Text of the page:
Common mistakes people make when thinking about decision theory

From my ex­pe­rience read­ing and talk­ing about de­ci­sion the­ory on LW, it seems that many of the un­pro­duc­tive com­ments in these dis­cus­sions can be at­tributed to a hand­ful of com­mon mis­takes.

Mis­take #1: Ar­gu­ing about assumptions

The main rea­son why I took so long to un­der­stand New­comb’s Prob­lem and Coun­ter­fac­tual Mug­ging was my in­sis­tence on deny­ing the as­sump­tions be­hind these puz­zles. I could have saved months if I’d just said to my­self, okay, is this di­rec­tion of in­quiry in­ter­est­ing when taken on its own terms?

Many as­sump­tions seemed to be di­vorced from real life at first. Peo­ple dis­missed the study of elec­tro­mag­netism as an im­prac­ti­cal toy, and con­sid­ered num­ber the­ory hope­lessly ab­stract un­til cryp­tog­ra­phy ar­rived. The only way to make in­tel­lec­tual progress (ei­ther in­di­vi­d­u­ally or as a group) is to ex­plore the im­pli­ca­tions of in­ter­est­ing as­sump­tions wher­ever they might lead. Un­for­tu­nately peo­ple love to ar­gue about as­sump­tions in­stead of get­ting any­thing done, though they can’t re­ally judge be­fore ex­plor­ing the im­pli­ca­tions in de­tail.

Sev­eral smart peo­ple on LW are re­peat­ing my ex­act mis­take about New­comb’s Prob­lem now, and oth­ers find ways to com­mit the same mis­take when look­ing at our newer ideas. It’s so frus­trat­ing and un­in­ter­est­ing to read yet an­other com­ment say­ing my as­sump­tions look un­in­tu­itive or un­phys­i­cal or ir­rele­vant to FAI or what­ever. I’m not against crit­i­cism, but some­how such com­ments never blos­som into in­ter­est­ing con­ver­sa­tions, and that’s rea­son enough to cau­tion you against the way of think­ing that causes them.

Mis­take #2: Stop­ping when your idea seems good enough

There’s a hand­ful of ideas that de­ci­sion the­ory new­bies re­dis­cover again and again, like point­ing out in­dex­i­cal un­cer­tainty as the solu­tion to New­comb’s prob­lem, or adding ran­dom­ness to mod­els of UDT to elimi­nate spu­ri­ous proofs. Th­ese ideas don’t work and don’t lead any­where in­ter­est­ing, but that’s hard to no­tice when you just had the flash of in­sight and want to share it with the world.

A good strat­egy in such situ­a­tions is to always push a lit­tle bit past the point where you have ev­ery­thing figured out. Take one ex­tra step and ask your­self: “Can I make this idea pre­cise?” What are the first few im­pli­ca­tions? What are the ob­vi­ous ex­ten­sions? If your re­sult seems to con­tra­dict what’s already known, work through some of the con­tra­dic­tions your­self. If you don’t find any mis­takes in your idea, you will surely find new for­mal things to say about your idea, which always helps.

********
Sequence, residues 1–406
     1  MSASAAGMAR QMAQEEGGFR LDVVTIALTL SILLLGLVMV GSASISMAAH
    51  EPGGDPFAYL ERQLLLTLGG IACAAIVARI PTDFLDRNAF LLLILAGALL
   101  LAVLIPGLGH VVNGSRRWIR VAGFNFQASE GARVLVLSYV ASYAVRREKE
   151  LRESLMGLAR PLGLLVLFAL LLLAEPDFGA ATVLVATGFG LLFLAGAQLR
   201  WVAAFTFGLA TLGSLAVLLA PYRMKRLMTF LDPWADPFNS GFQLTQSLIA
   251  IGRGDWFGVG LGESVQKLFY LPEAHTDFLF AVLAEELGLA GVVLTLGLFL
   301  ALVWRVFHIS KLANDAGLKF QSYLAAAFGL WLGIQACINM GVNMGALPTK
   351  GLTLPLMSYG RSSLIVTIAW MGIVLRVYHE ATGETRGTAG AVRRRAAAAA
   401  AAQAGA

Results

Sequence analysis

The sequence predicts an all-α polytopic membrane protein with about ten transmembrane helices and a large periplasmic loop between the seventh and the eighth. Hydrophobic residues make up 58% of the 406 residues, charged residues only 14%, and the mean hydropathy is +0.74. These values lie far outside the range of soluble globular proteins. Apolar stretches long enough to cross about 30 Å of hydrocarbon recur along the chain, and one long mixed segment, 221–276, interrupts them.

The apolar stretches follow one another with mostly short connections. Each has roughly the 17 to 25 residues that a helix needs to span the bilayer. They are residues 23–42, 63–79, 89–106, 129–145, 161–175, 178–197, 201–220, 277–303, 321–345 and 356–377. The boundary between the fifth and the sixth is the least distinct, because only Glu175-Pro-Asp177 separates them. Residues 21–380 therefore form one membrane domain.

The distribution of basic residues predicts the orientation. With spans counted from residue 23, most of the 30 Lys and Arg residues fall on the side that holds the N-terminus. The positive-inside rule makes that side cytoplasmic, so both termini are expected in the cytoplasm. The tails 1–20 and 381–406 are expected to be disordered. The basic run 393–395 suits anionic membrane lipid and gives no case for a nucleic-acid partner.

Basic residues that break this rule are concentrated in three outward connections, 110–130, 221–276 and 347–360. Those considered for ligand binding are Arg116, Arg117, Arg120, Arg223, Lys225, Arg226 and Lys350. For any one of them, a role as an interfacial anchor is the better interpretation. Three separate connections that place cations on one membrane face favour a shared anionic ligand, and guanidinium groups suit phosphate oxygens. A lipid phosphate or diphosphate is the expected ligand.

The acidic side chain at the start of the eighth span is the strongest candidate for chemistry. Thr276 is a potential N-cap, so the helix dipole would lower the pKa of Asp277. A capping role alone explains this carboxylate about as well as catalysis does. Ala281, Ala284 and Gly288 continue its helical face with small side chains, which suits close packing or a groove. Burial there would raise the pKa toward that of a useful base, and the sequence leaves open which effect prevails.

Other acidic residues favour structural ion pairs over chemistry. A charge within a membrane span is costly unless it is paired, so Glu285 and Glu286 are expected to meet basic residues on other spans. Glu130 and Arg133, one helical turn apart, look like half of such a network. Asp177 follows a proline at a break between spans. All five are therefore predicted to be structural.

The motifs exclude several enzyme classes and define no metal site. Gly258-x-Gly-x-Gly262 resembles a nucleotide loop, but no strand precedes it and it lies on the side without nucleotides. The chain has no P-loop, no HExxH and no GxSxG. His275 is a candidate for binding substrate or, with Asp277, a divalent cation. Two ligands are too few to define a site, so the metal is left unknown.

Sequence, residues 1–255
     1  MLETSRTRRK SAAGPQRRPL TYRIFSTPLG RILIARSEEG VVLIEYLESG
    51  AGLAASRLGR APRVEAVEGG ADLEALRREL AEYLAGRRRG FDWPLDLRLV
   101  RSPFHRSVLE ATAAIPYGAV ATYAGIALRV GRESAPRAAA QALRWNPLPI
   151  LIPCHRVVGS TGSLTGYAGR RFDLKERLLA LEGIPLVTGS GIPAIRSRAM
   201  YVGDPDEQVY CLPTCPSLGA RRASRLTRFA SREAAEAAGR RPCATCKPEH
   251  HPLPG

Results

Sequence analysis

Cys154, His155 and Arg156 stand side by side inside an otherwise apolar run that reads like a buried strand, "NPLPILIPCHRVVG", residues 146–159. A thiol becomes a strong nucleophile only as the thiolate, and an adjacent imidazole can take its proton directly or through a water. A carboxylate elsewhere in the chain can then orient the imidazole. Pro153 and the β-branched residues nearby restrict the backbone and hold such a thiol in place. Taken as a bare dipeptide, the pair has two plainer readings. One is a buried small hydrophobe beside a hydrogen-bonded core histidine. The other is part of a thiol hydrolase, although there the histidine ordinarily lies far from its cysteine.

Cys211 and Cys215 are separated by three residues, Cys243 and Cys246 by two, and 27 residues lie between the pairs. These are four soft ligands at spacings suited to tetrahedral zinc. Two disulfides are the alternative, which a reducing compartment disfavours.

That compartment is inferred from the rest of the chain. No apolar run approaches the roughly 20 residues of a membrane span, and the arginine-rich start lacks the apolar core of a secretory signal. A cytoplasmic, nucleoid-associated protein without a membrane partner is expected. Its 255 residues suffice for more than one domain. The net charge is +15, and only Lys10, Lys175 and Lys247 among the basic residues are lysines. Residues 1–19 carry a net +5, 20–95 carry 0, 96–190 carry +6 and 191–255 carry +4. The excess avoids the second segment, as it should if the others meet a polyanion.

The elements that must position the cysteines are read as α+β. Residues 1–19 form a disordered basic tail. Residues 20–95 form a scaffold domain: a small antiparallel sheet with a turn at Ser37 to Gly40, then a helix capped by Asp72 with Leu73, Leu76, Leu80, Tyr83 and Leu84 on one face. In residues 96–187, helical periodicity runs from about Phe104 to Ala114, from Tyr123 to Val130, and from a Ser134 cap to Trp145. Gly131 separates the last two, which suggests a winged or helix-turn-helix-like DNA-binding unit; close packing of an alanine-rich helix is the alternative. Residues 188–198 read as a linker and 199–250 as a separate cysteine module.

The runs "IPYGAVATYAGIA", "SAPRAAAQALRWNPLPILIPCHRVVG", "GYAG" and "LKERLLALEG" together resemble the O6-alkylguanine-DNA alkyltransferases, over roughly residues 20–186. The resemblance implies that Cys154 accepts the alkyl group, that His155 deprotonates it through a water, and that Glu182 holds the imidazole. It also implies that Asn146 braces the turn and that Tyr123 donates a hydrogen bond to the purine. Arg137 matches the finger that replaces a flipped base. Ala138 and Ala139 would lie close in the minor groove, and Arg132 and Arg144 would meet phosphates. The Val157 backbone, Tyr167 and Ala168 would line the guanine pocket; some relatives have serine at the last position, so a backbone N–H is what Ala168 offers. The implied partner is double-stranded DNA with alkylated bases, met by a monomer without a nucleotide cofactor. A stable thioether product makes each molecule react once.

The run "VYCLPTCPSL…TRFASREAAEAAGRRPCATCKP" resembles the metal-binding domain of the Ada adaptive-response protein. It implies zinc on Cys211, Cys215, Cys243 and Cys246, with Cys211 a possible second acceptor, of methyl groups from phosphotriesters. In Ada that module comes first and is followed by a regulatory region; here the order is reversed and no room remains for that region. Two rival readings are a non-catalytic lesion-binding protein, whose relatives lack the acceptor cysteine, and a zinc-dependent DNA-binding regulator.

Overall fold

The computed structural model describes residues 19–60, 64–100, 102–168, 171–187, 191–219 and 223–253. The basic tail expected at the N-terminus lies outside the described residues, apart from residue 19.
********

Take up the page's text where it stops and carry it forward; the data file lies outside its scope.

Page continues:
Mis­take #2A: Stop­ping when your idea ac­tu­ally is good enough

I didn’t want to name any names in this post be­cause my sta­tus on LW puts me in a kinda po­si­tion of power, but there’s a name I can name with a clear con­science. In 2009, Eliezer wrote:

For­mally you’d use a Godelian di­ag­o­nal to write (...)

Of course that’s not a new­bie mis­take at all, but an awe­some and fruit­ful idea! As it hap­pens, writ­ing out that Godelian di­ag­o­nal im­me­di­ately leads to all sorts of puz­zling ques­tions like “but what does it ac­tu­ally do? and how do we prove it?”, and even­tu­ally to all the de­ci­sion the­ory re­search we’re do­ing now. Know­ing Eliezer’s in­tel­li­gence, he prob­a­bly could have pre­empted most of our re­sults. In­stead he just de­clared the prob­lem solved. Maybe he thought he was already at 0.95 for­mal­ity and that go­ing to 1.0 would be a triv­ial step? I don’t want to in­sinu­ate here, but IMO he made a mis­take.

Since this mis­take is in­dis­t­in­guish­able from the last, the rem­edy for it is the same: “Can I make this idea pre­cise?” When­ever you stake out a small area of knowl­edge and make it amenable to math­e­mat­i­cal think­ing, you’re likely to find new math that has last­ing value. When you stop be­cause your not-quite-for­mal idea seems already good enough, you squan­der that op­por­tu­nity.


If this post has con­vinced you to stop mak­ing these com­mon mis­takes, be warned that it won’t nec­es­sar­ily make you hap­pier. As you learn to see more clearly, the first thing you’ll see will be a locked door with a sign say­ing “Re­search is hard”. Though it’s not very scary or heroic, mostly you just stand there feel­ing stupid about your­self :-)